Stage 3 would turn out to be the toughest day of the four.  It consisted of mostly climbing on very steep paved roads, singletrack, and gravel roads.  There were climbs that reached as steep as 30%, and completely exposed to the sun.  Right from the start we had to climb a road (open to traffic) that lasted nearly 18km.  As in previous stages, the leading Costa Rican teams took off like a rocket and were out of sight within 10 min.  Nelson and I settled into our rhythm and slowly picked off a few of the teams that were a head of us.  Considering we started at an elevation of 4500ft, at 7am with temps in the 50's, it felt as though is was 80 degrees within 10 min.  The endless amount of steep climbs today definitely began to take a toll on my legs.  Our average speed during most of the climbs on gravel/rocky roads was 4-5 mph.  Then to add insult to injury we also had some extremely technical hike-a-bike sections.  The combination of terrain certainly made for an epic day in the saddle.  Around the 50km mark, we began our final push to the highest point on the course (roughly 10,100 ft).  Unfortunately, Nelson and I missed a turn at the bottom of a descent and ended up losing about 20-30 minutes.  The course markings on today's stage were a bit sketchy at times, especially when blasting though some of the small villages.  Paying attention to the little (yes very little) red arrows was as difficult as some of the steep climbs during the day.  
After finally discovering the turn we missed, we would embark on some gnarly singletrack (BC style) descending.  All of the climbing we had done for the day was about to be forgotten again for the next 15 minutes as we leaned back off our saddles and let our brakes dictate the amount of fun we would have.  With loose dirt, large jagged rocks, and extremely steep terrain we were riding on the edge of out of control...sweeeeeeeet.  We would come to a section that was very rocky and very narrow and had to get off and walk.  I'm sure not to many could have ridden this unless you had a downhill bike with 6+ inches of travel, or had the skills of Adam Craig.  After our 15 minutes of fun, we had another 3-5km of very windy fireroads to the finish.  This was our 2nd longest day in the saddle at nearly 4 hours and 50 minutes.  We lost quite a bit of time to the leaders during this stage.  

Stage 4 was a 60km day that was going to be mostly descending.  We opted to use our camelbaks rather than rely on bottles, and decided to bypass all of the Aid Stations in an effort to save some time. During the course recon the night before, the race organizers stressed several times (at least that's what we were told considering he only spoke in Spanish) that there were many dangerous rocky roads.  It turned out he wasn't lying as the amount of riding on rocks we did seemed to never end.  Finding a line was simply impossible, you merely had to keep the weight off the front wheel and hope it keeps rolling forward (or at least in the correct direction).  Nelson was on his 29er Scott bike and seemed to have less trouble blasting through these sections than I did on my 26er.  Today's stage would be only a 3 hour day in the saddle, however, the humidity, fatigue, technical terrain and suspended bridges made it seem much longer than it was.  Yeah I said suspended bridges.  There were 2 of them and the 2nd one almost had me shitting in my bibs.  It was suspended about 200 feet above a river, and nearly 100 yards in length.  You had to walk across this bridge.  It started off easy to walk on, but once we got about half-way across it began to sway back and forth and I started to really get freaked out.  I felt as though I had vertigo.  Stepping my feet back on solid ground never felt so good.  Immediately after crossing the bridge we had another hike-a-bike and this is where I really noticed the effects of the humidity.  I looked at my StemCAPtain thermometer and it was registering 85 degrees, ugghhh.  Then amazingly after what felt like we had descended forever prior to the bridge crossing, we descended on cobble streets in a forest for another 20 or so minutes...literally without ever climbing at all.  I thought my brakes were going to wear out at some point.  My hands and forearms were burning from squeezing the brakes so much.  We crossed the finish line in a small town called IRTRA at a picturesque grounds of the Hostales del IRTRA.  I'm sure with the humidity that I lost nearly 5 lbs.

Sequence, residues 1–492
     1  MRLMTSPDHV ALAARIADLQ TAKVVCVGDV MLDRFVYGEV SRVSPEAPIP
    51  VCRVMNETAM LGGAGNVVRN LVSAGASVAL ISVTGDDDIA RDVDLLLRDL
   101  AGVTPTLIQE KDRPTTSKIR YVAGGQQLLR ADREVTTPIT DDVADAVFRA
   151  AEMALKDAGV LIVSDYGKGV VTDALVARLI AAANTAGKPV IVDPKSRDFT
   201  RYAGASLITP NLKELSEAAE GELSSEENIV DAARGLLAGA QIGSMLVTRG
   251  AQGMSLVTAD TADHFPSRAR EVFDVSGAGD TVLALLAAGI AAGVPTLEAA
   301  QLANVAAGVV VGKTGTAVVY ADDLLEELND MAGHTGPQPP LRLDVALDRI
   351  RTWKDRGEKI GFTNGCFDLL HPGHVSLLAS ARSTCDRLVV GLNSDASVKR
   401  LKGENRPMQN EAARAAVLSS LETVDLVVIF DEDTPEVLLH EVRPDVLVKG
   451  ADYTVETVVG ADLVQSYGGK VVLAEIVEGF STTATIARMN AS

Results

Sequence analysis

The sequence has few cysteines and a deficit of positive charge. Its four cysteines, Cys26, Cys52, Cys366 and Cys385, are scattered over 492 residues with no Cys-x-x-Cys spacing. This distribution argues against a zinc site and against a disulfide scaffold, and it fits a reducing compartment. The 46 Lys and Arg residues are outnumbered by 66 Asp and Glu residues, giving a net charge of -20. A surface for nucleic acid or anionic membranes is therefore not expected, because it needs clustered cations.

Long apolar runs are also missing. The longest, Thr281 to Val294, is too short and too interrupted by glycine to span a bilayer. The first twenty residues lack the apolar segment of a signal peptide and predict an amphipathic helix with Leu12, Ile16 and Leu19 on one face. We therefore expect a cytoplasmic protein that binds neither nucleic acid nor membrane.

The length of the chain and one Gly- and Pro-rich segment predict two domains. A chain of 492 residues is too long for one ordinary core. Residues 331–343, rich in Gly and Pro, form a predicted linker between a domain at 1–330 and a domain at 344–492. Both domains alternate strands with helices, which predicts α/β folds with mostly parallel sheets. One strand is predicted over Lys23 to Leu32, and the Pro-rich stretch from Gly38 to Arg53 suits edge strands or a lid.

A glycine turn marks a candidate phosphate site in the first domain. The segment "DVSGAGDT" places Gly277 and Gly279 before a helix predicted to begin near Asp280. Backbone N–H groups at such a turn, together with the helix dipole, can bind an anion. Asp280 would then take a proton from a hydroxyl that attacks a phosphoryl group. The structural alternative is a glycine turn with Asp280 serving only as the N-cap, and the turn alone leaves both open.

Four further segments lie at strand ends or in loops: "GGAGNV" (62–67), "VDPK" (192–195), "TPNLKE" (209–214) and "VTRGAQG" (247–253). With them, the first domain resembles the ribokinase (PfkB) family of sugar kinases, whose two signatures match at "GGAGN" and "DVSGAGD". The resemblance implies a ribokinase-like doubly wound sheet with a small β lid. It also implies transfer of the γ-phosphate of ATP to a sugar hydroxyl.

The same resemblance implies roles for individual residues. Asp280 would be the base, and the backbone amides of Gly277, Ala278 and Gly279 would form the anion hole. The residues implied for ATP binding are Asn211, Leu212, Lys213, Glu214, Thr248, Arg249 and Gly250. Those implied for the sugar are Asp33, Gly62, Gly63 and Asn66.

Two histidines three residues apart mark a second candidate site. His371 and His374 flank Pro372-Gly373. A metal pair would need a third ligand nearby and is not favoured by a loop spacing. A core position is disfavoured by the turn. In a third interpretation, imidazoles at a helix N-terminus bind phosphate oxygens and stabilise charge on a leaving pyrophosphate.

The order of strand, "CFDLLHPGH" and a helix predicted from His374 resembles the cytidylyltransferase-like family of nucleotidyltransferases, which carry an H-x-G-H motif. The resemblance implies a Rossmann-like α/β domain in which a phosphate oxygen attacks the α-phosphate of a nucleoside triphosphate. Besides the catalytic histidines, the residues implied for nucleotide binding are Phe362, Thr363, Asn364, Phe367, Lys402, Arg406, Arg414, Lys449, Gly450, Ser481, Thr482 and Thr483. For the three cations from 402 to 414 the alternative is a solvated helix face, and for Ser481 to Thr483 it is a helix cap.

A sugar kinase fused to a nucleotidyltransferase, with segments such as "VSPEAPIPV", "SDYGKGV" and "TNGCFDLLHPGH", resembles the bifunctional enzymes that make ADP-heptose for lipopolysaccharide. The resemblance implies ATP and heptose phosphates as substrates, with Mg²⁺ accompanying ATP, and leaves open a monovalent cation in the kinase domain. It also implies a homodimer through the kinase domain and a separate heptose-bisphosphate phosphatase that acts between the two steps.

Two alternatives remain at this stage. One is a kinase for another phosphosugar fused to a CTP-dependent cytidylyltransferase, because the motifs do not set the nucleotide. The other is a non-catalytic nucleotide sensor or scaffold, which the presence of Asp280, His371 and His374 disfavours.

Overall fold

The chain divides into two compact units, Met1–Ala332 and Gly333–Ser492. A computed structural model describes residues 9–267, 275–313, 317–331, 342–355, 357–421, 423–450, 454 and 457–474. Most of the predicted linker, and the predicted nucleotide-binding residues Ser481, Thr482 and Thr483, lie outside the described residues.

The other fellow North American riders post-race relaxing in IRTRA at the Hostales del IRTRA.  A few Canadians, a few Arizonans and a few Oregonians.

Overall I was pretty happy with the race.  However, I am going to share my Pro's and Con's for those who may be thinking of competing in this race in the future.

     1. Warm temperatures in March
     2. Epic downhills on singletrack and gravel roads
     3. 5-Star hotels after each stage
     4. Delicious food at hotels and fresh fruit at all Aid Stations
     1. Lack of English translations 
     2. Poor course markings